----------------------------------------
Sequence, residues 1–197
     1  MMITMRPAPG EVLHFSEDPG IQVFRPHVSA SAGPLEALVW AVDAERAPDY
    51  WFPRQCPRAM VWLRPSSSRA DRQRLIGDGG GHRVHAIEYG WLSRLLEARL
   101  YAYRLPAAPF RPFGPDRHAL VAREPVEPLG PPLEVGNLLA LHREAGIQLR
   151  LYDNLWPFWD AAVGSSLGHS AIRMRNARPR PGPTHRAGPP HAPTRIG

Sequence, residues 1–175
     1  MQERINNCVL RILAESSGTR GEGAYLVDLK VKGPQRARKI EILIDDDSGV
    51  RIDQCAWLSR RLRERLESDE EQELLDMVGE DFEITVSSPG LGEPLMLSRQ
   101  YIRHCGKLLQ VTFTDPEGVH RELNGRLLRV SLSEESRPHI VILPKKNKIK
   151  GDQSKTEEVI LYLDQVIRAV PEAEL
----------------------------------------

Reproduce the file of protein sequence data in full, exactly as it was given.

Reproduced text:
Sequence, residues 1–197
     1  MMITMRPAPG EVLHFSEDPG IQVFRPHVSA SAGPLEALVW AVDAERAPDY
    51  WFPRQCPRAM VWLRPSSSRA DRQRLIGDGG GHRVHAIEYG WLSRLLEARL
   101  YAYRLPAAPF RPFGPDRHAL VAREPVEPLG PPLEVGNLLA LHREAGIQLR
   151  LYDNLWPFWD AAVGSSLGHS AIRMRNARPR PGPTHRAGPP HAPTRIG

Sequence, residues 1–175
     1  MQERINNCVL RILAESSGTR GEGAYLVDLK VKGPQRARKI EILIDDDSGV
    51  RIDQCAWLSR RLRERLESDE EQELLDMVGE DFEITVSSPG LGEPLMLSRQ
   101  YIRHCGKLLQ VTFTDPEGVH RELNGRLLRV SLSEESRPHI VILPKKNKIK
   151  GDQSKTEEVI LYLDQVIRAV PEAEL